Dhe American Federal Reserve has continued to tighten its monetary policy with a key interest rate increase of 0.25 percentage points in the range between 4.5 and 4.75 percent. The step had been expected after corresponding communication from the central bankers. It was smaller than the rate hikes before. Fed Chair Jerome Powell justified the step with slightly declining inflation. The Fed is registering price reductions in goods and expects falling prices in the real estate sector in the foreseeable future. However, no deflationary tendencies can be identified in the service sector. “There’s still a lot to do,” Powell said of interest rate policy.
The Fed hiked 0.5 percentage points in December and 0.75 percentage points in each of the four previous meetings. In their statements on Wednesday, the central bankers emphasized that they expected further interest rate hikes to be necessary and appropriate in order to achieve the two percent inflation target. Central bankers made it clear that they will not let up until the target is reached. “The panel is determined to bring inflation back to 2 percent,” the press release said after the end of the two-day Fed meeting.
The hints of several future hikes and the emphasis on the inflation target should sober investors in the financial markets, who were counting on the tightening ending soon. Even so, stock prices rose during Powell’s press conference. Powell returned to the argument that the risks of easing too early are greater than the risks of tightening too much. While in the first case inflationary expectations could slip and high inflation could become entrenched, in the second case monetary policy tools would be available to ease financial conditions.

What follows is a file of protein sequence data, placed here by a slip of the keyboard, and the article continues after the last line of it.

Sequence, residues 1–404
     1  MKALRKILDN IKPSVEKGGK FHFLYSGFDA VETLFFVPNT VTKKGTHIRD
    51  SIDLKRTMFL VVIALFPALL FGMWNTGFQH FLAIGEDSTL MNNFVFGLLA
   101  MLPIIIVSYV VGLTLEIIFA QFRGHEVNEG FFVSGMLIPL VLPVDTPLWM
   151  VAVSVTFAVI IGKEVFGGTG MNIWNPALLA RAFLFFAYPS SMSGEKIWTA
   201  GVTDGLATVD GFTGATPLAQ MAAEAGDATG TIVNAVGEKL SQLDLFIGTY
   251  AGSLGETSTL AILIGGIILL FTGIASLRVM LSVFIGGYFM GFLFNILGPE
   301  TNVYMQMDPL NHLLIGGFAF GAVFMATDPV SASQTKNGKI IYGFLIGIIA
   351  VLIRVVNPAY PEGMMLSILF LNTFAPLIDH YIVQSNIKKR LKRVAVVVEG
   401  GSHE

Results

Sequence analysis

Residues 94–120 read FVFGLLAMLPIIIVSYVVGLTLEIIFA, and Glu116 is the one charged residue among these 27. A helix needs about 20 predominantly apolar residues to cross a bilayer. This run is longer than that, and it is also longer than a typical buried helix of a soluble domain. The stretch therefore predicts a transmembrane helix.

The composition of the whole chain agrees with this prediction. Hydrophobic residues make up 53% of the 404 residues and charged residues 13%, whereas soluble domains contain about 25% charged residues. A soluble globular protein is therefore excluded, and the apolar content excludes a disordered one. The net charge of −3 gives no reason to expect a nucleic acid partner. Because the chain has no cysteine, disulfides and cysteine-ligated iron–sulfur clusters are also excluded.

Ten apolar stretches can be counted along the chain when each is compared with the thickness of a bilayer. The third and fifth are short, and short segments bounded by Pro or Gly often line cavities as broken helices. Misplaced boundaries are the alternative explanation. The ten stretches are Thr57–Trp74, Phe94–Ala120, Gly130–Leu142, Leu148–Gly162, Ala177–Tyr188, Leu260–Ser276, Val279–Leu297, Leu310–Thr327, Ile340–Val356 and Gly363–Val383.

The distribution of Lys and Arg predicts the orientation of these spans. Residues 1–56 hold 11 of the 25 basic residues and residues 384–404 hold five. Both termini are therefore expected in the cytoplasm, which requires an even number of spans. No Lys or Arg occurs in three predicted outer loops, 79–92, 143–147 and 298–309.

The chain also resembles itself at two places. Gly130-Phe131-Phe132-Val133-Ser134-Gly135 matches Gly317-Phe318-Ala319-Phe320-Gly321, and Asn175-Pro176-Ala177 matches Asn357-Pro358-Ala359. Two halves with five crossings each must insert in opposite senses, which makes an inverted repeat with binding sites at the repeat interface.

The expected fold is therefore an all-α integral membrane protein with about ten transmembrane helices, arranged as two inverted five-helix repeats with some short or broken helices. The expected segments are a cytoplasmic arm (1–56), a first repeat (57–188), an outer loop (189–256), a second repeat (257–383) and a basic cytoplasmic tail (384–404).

Fed can slow pace
Recent economic data gave the Federal Reserve some leeway to slow the pace of tightening. Inflation had eased recently. In December, prices were 5 percent higher than in the same month last year. Adjusted for energy and food expenditure, the increase was only 4.4 percent. Another factor influencing inflation is labor costs, which rose less sharply in the last quarter than at the beginning of the year. This comes as a surprise because the unemployment rate in the quarter was lower at 3.5 percent than at the beginning of the year. This points to a particularly tight labor market, which usually provokes higher wages.
The first indicators also suggest that American consumers are losing their desire to buy. Last year, consumers surprised economists and central bankers with their remarkably high propensity to consume. Not even high inflation could slow them down. The Americans were able to fall back on higher savings, which they were able to build up thanks to high government transfers and, at times, a lack of opportunities to consume. But the desire to buy has been subdued since October, although the winter holidays encourage shopping. Retail sales have declined in three of the past four months. The monthly savings rate shrank to 2.9 percent in November and 3.4 percent in December. It was last this low shortly before the 2007 financial crisis.
The rating agency Fitch is already ringing the alarm bells for one industry: The number of people who have taken on too much money with their car loan has risen significantly. According to Fitch, the proportion of defaulters on subprime car loans rose to 5.7 percent. In this case, defaulting means that the borrower is 60 days or more in arrears. In the best times in April 2021, the proportion was less than half as large.
#Federal #Reserve #Federal #Reserve #continues #tighten #monetary #policy
Leave a Reply